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LETTER TO THE EDITOR: Truth again, whole truth

Truth was foundational for me from the Problems of American Democracy high school class that helped form my critical thinking into today, and especially throughout my 30-year teaching career.

Truth was foundational for my teacher colleagues as well. If we learned something in our respective fields that was new to our understanding, then we taught that. It was unthinkable that some groups in our communities might complain that because they didn’t like the new understanding, we teachers couldn’t teach it.

In the past few years, my husband and I have been on a truth-seeking journey, as white folks, to learn more about our nation’s whole history, particularly about our Southern history, and it has been an eye-opening, heart and mind-opening journey.

We have been learning new truths about the injustices committed by our predominately white brethren over the centuries, both in our country and in other places. Learning these truths has opened our minds to others’ histories, and has made us more accepting of others as fellow humans along this journey we call life.

No, we were not there in the past. No, we did not kill off first peoples because we thought “the redskins” were less than human. No, we were not here in the South, nor participate in the sin of slavery. No, we were not in California, nor treat the Chinese immigrants workers like they were less than human.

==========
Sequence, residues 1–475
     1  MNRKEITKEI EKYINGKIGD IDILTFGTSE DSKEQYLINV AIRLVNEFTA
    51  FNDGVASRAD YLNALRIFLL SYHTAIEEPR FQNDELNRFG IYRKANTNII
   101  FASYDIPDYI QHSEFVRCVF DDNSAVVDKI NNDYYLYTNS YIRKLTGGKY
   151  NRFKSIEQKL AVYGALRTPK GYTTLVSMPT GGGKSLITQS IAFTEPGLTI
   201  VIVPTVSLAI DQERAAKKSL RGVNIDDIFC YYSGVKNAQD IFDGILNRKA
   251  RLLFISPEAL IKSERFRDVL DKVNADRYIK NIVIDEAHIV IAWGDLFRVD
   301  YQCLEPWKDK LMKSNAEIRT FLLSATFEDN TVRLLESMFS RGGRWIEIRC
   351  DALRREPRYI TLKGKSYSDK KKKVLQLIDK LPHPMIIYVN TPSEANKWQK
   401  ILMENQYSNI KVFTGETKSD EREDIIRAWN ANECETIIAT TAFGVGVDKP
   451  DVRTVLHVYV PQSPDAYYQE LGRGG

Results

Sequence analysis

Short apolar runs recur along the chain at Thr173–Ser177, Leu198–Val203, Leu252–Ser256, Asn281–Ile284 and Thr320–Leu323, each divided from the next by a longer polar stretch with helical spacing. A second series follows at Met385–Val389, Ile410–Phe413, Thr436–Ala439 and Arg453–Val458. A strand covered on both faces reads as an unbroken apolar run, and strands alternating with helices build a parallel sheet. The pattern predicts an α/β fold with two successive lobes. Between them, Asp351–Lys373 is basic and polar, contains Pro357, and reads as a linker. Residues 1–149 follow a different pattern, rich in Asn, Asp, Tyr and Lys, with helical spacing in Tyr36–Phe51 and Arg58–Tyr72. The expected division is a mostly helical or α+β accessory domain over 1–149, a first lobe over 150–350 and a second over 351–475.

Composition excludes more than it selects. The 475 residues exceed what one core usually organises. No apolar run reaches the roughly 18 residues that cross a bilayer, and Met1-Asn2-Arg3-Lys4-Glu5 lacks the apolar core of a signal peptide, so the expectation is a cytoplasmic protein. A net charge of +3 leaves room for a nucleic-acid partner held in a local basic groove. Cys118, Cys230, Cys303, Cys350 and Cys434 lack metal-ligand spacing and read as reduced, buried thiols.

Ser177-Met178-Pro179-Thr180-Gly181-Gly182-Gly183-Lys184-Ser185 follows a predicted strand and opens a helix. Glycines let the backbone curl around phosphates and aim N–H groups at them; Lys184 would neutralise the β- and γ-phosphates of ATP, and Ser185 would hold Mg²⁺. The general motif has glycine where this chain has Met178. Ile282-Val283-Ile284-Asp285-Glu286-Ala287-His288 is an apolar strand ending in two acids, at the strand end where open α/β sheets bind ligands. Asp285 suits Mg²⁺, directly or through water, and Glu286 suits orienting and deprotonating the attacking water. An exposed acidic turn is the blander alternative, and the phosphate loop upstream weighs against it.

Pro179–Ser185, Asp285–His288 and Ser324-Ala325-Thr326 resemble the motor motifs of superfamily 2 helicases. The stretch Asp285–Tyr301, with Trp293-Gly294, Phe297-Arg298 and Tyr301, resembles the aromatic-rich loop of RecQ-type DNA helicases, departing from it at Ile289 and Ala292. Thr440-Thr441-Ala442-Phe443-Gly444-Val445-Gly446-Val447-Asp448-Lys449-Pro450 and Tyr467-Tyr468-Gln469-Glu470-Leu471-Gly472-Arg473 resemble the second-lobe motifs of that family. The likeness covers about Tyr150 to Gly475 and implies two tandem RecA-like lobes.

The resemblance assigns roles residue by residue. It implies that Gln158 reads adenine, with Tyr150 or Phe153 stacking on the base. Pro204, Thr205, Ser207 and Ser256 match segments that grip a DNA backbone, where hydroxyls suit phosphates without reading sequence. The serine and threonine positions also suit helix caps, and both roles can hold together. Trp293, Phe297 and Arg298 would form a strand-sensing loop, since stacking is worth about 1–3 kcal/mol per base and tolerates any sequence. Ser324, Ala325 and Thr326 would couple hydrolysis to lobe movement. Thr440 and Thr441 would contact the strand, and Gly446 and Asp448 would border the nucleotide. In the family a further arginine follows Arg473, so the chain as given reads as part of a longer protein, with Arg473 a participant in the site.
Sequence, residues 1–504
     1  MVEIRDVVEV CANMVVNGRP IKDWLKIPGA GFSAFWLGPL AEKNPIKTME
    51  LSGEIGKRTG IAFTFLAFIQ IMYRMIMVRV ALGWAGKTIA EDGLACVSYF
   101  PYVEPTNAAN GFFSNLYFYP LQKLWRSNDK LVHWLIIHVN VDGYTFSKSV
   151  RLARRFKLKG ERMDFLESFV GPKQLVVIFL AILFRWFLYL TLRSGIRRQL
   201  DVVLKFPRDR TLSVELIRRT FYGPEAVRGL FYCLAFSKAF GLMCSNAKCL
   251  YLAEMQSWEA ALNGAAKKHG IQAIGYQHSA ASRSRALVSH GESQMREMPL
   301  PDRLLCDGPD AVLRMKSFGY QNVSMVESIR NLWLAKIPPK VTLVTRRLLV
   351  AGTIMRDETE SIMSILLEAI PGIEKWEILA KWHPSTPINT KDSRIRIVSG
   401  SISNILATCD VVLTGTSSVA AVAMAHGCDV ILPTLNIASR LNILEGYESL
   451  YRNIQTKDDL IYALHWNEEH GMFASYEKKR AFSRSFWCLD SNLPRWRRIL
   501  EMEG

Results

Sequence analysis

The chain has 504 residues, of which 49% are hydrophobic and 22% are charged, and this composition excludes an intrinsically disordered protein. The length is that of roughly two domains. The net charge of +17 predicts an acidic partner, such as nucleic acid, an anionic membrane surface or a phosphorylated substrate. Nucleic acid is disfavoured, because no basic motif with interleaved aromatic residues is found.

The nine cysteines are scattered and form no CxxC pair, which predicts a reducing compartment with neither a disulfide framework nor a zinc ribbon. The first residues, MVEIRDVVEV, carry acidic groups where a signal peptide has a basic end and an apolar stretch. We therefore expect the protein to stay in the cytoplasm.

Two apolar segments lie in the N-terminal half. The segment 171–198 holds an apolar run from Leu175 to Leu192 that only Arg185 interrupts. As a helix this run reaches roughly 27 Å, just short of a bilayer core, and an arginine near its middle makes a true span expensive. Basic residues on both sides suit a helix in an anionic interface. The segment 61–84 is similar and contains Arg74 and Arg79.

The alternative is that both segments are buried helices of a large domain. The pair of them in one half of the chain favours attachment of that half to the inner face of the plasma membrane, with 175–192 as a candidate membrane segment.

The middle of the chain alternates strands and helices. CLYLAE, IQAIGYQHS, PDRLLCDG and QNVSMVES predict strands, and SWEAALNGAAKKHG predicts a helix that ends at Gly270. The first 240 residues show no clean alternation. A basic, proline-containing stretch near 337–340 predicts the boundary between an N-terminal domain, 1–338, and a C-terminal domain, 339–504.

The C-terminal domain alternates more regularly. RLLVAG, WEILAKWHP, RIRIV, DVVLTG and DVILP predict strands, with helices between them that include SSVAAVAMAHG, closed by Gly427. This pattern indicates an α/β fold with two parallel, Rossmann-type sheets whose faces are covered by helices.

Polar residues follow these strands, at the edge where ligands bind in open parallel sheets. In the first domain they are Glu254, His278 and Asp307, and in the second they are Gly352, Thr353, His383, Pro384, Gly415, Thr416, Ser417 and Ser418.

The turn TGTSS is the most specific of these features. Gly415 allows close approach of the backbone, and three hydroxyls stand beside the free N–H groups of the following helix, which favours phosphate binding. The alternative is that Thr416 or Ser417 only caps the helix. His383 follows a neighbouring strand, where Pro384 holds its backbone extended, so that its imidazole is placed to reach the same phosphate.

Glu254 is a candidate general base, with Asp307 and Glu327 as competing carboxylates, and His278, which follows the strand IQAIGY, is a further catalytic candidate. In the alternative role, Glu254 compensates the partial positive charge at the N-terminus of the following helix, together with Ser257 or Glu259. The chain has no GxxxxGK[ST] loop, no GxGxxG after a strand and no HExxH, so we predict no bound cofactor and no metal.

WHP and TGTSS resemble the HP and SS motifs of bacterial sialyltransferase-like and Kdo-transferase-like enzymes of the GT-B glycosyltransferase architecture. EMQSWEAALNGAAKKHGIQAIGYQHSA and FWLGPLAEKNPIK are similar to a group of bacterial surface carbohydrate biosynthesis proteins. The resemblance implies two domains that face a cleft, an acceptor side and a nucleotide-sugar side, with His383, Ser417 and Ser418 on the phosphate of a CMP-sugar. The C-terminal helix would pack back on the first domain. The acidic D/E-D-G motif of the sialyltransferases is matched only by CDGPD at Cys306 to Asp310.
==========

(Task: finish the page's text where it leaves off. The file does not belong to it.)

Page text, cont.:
But we are here now, in the South, where we see some of the sins of the past still lingering and sometimes even glaring. Indubitably, much progress has been made since those earlier days of injustice and worse. On the surface, some may believe that nothing is wrong in our society with all our progress, but anyone reading and watching the news, anyone delving into the whole truth, not just bits and pieces of it, will see and acknowledge that injustices still exist.

It is the whole truth of our American experiment, called a democratic republic, that must be taught in our schools, at all levels, so that the sins of the past will not be repeated.

If we teach the whole truth, our children will learn to accept and care about all people. If we do not, our very democracy is in peril.

Nancy C. Bryant
Norwood